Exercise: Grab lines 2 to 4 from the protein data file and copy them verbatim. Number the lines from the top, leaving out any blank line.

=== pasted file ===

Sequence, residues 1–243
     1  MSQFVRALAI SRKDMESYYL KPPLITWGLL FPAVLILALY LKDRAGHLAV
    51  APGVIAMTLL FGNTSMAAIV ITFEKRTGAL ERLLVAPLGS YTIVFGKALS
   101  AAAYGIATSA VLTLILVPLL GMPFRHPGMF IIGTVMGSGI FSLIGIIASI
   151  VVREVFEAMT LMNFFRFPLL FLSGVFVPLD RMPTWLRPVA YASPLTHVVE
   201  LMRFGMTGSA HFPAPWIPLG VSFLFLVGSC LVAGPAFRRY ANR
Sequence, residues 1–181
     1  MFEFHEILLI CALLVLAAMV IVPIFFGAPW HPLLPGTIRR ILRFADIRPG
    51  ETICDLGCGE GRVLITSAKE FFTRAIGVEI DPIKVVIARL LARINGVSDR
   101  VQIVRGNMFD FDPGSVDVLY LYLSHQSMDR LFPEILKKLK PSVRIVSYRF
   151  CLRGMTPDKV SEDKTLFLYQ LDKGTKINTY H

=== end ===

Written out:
     1  MSQFVRALAI SRKDMESYYL KPPLITWGLL FPAVLILALY LKDRAGHLAV
    51  APGVIAMTLL FGNTSMAAIV ITFEKRTGAL ERLLVAPLGS YTIVFGKALS
   101  AAAYGIATSA VLTLILVPLL GMPFRHPGMF IIGTVMGSGI FSLIGIIASI